Adopting DigiWest®: How a Multiplex Immunoassay Is Making a Difference in Precision Oncology2月 4th, 2019 / Hilary Graham
Test replaced LDT, offering better ease of use and more comprehensive targets
At CPO (Cellular Phenomics & Oncology), a Berlin-based company specializing in cellular phenomics and oncology, scientists are making significant progress in precision oncology by combining patient-derived, three-dimensional cell culture models with Luminex-based DigiWest® technology. The resulting data from this approach can inform the development of targeted therapies and treatment selection, and delivers real-world clinical benefit.
According to Christian Regenbrecht, CEO of the company, CPO’s PD3D® (patient-derived 3D) cell culture models allow comprehensive drug screening of individual drugs, as well as combination therapies. His team has generated more than 400 of these cell culture models from a wide variety of different tumor entities for pharmaceutical and biotech companies. PD3D models are similar to organoid models, making it possible to recreate the tumor’s native architecture for the best approximation to its in situ form and function. They can be used as tools for preclinical and translational research, such as drug screening in the preclinical context as well as in CRISPR experiments, but increasingly PD3D models are also making their way as avatars for predicting patient response in ongoing clinical trials.
Quicker Results with DigiWest
The CPO team was eager to include proteomic results for its models very early in the developmental process, and adding the DigiWest technology made that happen. The team had previously considered mass spectrometry, but it wasn’t a fit because the results took too long to be useful for clinical work. DigiWest, on the other hand, is a multiplex immunoassay technique that can quantify as many as 800 analytes in a single reaction. This approach allows Regenbrecht and his colleagues to deliver results in 7 to 10 days, complete with information about post-translational protein modifications such as phosphorylation and acetylation.
In addition, DigiWest works well with the precious tissue samples with which CPO typically works. “We have only little amounts of tissues, cells, and therefore protein,” Regenbrecht says, noting that they must generate a great deal of information from each small sample. “DigiWest is of benefit to us because it needs little amounts of input material, and we gather a high-density set of output information.”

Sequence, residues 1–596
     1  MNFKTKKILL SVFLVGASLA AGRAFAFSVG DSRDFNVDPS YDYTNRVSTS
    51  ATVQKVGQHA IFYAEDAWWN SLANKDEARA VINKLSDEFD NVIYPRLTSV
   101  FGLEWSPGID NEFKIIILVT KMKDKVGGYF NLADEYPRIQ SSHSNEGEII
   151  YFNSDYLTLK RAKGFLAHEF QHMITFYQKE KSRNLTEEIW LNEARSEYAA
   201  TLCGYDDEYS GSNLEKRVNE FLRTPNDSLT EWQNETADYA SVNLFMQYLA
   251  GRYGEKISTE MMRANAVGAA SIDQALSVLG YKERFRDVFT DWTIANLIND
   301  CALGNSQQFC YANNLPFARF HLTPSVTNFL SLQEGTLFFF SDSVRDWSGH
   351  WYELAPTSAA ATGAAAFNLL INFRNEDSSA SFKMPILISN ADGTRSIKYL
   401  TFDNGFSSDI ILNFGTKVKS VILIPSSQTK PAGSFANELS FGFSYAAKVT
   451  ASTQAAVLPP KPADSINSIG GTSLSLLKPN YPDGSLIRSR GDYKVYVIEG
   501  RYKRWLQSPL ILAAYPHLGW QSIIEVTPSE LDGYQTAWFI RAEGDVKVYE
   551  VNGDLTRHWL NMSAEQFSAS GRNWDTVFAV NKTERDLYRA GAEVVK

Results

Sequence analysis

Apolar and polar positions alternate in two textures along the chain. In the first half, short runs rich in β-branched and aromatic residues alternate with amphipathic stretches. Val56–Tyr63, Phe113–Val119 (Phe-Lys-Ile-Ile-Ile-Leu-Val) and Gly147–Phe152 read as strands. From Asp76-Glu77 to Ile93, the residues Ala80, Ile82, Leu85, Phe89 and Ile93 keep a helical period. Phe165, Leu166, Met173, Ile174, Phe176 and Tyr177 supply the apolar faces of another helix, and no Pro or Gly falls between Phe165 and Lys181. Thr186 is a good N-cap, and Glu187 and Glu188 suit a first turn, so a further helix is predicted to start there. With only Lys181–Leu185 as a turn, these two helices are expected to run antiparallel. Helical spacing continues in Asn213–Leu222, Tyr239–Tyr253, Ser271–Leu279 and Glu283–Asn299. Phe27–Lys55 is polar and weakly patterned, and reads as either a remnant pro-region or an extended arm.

Regenbrecht adds that DigiWest “is a robust assay that is highly reproducible, and so the data would also be reliable for clinical utilization. But for the moment, for our customers in the pharmaceutical field, it is very important that we can provide data they can rely on for future experiments.” For example, a recent analysis of samples from a patient with colorectal cancer revealed drug responses that varied by as much as 30-fold, indicating that a combination therapy might be the best treatment course. By using DigiWest on these models, CPO scientists identified the mechanism responsible for aberrant activity in the MAP kinase pathway.
More Work Ahead
Looking ahead, Regenbrecht believes that cell modeling will need to represent even more complexity, such as incorporating immune components or vasculature. He also knows that in these early days of precision oncology, stakeholders like CPO have to carefully balance the promise of what can be done while still being appropriately cautious about a novel approach.
“We are presenting data that was unthinkable two years ago,” he says. “We are at the forefront of medicine.” Still, though, work needs to be done on how to deliver this information in a way that makes the most sense for the physicians, oncologists, and pathologists responsible for dealing with this kind of data at the bedside, he adds.
For more examples of DigiWest in action, check out these publications:
- DigiWest for biomarker discovery
- DigiWest for characterization of compound actions
- DigiWest for deciphering of Wnt signaling
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